Off the beaten path, our tasting room and art gallery is pouring wines out of the historic Geyserville Vault building located near Healdsburg, California in Northern Sonoma County.
When I was thrity five I retired from making furniture so that my family’s wine business could live on. Making wine and improving enology was my mom’s life work. It was her dream, and when you love someone you also love their dreams. She did things in the workplace and made wines that were so exceptional that I couldn’t let the story disappear/ fade into history. Not yet.
I was learning winemaking as far back as I can remember. It was part of the fabric of our life, yet it didn’t strike me as a career. Luckily, I don’t believe in the construct of careers. I believe in digging holes and then finding a way out of them. Constant creativity and problem solving are my thing, and I suffuse the brand with them.
When I was a kid: that’s when my mom started her wine analysis business with Mary Ann Graf. Back in 1979. It started with just a little storefront in downtown Healdsburg. They were in their early thirties and the business grew to be counted on by thousands of wineries and winemakers all over the United States. Additionally, Marty started being contracted as a consulting winemaker for some local producers in the 1980’s and that gave her the opportunity to start our family label. That’s how I learned – following her around vineyards and wineries, and when I turned 16, I hauled the grapes on a 1955 Dodge flatbed that we bought from Joe Rochioli. I remember tasting grapes in the vineyard – cool climate vineyards that imbued the fruit with the structure – the phenolics that we recognize among the highest quality wines on earth. I knew those flavors and knew when to pick them – but didn’t really know until I took the responsibility a decade ago.
In 2022, Bannister Wines is a mashup of my mom’s amazing skill and discoveries, and my boundless creativity – something I have in common with my wife, Morgania, who collaborated on our tasting space with me. I still make the wines my mom started with – the ones we would think of as traditional – Pinot Noir, Chardonnay and Zinfandel, along with less common wines and techniques – skin fermented whites – Riesling and Ribolla Gialla, uncommon varietals – Scheurebe and Sagrantino, as well as a sagnée style rose.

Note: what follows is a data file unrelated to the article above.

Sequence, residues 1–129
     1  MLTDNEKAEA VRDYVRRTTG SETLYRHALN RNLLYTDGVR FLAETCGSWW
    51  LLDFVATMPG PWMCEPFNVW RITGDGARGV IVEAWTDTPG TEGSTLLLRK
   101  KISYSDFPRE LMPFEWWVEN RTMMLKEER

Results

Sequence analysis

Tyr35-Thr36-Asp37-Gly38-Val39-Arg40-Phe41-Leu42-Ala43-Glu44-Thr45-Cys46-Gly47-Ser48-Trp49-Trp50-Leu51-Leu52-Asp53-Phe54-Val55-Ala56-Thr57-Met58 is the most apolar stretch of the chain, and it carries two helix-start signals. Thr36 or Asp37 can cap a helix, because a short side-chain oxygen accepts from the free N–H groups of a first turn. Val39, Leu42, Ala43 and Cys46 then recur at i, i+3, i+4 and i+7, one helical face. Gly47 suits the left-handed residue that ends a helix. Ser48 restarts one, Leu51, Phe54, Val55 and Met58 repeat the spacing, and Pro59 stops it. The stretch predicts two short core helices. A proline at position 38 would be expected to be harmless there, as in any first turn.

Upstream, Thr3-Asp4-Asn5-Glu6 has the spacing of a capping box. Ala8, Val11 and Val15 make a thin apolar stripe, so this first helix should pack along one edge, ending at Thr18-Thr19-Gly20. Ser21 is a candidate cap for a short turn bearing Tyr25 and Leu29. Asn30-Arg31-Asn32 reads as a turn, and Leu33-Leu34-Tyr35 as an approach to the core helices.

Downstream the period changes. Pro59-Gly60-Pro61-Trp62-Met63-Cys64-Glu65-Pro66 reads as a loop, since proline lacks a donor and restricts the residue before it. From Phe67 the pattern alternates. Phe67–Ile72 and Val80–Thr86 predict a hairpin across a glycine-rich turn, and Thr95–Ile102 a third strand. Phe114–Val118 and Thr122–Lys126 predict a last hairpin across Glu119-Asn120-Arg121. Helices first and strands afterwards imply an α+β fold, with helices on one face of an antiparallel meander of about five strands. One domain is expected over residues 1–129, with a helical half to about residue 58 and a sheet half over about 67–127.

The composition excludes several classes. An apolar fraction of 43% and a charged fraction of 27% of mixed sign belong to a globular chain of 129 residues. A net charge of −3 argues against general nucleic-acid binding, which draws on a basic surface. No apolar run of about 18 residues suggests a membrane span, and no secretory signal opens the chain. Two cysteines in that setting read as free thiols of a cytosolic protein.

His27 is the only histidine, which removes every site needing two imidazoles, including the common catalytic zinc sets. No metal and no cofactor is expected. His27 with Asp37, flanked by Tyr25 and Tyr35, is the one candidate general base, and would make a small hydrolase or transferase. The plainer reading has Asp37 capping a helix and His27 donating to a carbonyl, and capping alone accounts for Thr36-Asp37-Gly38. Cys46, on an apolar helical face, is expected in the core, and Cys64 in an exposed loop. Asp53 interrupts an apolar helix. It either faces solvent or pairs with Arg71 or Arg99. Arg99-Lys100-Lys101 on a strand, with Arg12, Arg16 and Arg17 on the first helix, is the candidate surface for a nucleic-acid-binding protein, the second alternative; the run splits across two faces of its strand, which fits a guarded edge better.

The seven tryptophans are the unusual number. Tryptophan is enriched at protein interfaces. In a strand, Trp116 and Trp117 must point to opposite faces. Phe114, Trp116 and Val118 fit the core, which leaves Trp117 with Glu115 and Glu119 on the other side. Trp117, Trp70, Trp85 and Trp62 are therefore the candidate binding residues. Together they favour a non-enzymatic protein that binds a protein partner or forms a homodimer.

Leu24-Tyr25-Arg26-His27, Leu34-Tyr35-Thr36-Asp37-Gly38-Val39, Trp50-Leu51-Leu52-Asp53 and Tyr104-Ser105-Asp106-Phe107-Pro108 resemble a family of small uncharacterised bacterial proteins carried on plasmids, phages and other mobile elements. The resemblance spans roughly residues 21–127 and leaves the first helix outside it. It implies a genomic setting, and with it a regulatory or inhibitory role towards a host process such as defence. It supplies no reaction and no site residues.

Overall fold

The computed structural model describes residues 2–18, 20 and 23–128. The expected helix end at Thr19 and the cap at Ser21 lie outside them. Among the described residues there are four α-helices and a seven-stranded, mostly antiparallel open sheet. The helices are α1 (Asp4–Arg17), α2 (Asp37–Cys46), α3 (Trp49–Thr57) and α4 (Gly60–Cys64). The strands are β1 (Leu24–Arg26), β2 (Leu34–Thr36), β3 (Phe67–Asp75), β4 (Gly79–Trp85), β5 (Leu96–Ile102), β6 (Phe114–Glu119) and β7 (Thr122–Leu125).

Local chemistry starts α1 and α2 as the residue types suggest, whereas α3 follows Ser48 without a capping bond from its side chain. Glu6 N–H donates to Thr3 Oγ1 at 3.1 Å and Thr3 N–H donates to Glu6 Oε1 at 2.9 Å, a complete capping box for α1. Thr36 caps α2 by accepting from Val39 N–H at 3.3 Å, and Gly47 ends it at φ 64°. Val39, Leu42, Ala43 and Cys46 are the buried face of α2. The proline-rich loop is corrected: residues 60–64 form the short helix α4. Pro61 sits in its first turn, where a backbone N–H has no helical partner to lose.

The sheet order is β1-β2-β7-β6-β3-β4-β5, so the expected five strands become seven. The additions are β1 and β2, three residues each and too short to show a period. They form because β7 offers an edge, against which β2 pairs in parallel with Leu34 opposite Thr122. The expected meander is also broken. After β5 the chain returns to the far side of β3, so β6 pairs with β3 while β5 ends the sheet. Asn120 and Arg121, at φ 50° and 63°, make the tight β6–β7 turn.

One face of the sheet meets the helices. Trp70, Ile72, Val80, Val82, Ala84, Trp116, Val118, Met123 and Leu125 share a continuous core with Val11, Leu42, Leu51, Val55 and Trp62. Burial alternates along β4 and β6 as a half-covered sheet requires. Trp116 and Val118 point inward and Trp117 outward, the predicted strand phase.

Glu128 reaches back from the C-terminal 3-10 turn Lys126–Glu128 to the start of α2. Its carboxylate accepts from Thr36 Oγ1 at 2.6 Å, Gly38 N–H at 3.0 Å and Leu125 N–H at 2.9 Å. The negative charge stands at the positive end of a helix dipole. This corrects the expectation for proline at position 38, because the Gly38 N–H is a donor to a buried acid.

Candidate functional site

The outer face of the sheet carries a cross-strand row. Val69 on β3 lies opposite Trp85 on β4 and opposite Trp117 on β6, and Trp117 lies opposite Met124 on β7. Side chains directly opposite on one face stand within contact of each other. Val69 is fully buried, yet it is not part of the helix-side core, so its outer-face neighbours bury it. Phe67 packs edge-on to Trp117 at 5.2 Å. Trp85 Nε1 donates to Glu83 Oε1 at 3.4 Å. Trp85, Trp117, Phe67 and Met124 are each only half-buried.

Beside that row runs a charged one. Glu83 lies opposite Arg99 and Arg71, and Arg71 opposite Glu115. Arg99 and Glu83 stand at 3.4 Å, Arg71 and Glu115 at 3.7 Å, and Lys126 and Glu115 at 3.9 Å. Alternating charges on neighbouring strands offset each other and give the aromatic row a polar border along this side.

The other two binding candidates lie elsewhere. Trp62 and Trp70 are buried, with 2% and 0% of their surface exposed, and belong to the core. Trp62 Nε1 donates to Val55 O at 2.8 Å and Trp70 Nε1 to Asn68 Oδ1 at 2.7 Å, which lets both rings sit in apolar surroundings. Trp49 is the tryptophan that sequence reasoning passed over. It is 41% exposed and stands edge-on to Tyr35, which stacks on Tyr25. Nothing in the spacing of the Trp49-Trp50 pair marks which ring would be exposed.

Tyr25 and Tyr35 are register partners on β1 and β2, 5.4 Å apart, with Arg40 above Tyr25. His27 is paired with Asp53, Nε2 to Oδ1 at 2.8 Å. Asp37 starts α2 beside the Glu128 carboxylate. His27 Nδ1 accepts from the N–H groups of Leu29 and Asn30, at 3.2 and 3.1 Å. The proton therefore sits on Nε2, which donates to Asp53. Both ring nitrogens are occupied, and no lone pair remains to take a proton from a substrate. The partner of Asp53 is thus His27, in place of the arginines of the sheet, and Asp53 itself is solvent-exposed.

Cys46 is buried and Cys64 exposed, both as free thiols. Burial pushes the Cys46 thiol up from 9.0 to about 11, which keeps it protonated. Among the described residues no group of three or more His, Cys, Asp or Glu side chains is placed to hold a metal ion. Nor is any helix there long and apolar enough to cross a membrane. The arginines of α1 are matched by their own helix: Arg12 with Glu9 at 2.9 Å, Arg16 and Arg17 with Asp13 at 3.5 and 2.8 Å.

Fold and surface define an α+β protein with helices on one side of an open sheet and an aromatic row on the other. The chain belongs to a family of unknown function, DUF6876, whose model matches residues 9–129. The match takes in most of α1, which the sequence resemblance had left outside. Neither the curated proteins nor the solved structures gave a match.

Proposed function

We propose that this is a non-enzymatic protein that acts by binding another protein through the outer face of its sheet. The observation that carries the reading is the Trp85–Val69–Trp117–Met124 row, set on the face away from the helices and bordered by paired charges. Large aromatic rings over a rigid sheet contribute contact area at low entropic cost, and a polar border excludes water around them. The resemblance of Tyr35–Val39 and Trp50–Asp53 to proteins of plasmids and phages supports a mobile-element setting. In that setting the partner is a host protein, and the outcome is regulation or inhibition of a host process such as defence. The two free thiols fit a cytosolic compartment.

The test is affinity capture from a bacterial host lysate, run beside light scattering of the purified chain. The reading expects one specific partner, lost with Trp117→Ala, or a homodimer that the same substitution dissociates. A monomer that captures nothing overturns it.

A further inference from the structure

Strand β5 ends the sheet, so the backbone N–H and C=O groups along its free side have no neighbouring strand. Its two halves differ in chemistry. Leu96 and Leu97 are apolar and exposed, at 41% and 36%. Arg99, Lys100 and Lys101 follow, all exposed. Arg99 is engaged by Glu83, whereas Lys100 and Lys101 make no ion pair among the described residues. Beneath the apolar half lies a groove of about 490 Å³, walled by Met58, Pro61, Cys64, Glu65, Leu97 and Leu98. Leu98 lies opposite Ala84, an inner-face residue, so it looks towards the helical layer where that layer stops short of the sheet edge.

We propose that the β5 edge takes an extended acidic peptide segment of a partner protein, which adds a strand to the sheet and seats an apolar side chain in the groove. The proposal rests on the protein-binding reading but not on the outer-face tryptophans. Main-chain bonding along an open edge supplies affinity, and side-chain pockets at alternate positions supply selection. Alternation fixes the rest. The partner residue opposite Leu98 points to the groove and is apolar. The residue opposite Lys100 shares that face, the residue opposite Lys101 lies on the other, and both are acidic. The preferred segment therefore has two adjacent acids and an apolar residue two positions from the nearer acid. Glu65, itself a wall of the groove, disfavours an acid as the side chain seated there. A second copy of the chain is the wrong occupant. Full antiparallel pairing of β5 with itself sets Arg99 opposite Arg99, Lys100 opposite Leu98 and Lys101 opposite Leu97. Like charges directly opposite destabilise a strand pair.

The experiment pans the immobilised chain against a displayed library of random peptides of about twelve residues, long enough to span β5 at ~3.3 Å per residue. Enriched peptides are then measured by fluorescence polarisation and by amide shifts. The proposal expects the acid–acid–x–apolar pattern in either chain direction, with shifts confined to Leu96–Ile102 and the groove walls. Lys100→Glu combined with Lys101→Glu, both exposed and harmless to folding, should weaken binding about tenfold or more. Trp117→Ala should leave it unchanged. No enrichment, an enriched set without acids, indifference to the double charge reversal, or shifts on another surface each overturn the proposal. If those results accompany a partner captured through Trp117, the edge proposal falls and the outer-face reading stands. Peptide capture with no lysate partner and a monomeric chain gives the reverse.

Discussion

This world has a tendancy to separate us into sub cultures in every respect. To some degree that’s an inevitability, but there has been too much separation in wine. It turns out that you can love a Pinot Noir and an Orange Riesling in the same flight, or in the same meal. The people who have sought to isolate wine audiences from eachother based on invented style or invented politics have no influence here. They just want to hear themselves talk, but I can’t hear them. I make what I want to make – different wines, with different styles; all of them with the purpose of being delicious, and everyone is welcome to try them.
But I don’t believe in wine experimentation for the sake of attention. Everything we make should be approached with the idea that is has to be great. Making anything is an affirmation of being alive. These new wines are elegant and exotic – flavors that bring wine into fresh categories of cuisine. The traditional wines are welling up with deep phenolics; they are wines based in structure, length on the palate and the flavors of the site and the growing season – each season with it’s own beauty and tragedy here in California.
Hand making single vineyard wines since 1989
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As far as Sonoma Coast Pinot Noir is concerned, we’re in a solid run of good and great vintages going back to 2012. The 2015 harvest was easily the most unique of all of these. Inconsistent weather in May of 2015 led to low flower-set on the clusters – Yields were down thirty to forty percent. The physical attributes of the small crop were undersized berries, many without seeds, and the skins were thick. This meant an unusual skin to juice ratio favoring skins. Not only did the ’15 crop look unique in the vineyard, but you’ll also see it in the glass as well – deeply colored, tannin-rich Pinot Noir. The phenolic fingerprint in these Pinots was unusually high, and yet they’ve become velvety tannins in the bottle, with great structure and weight on the palate.
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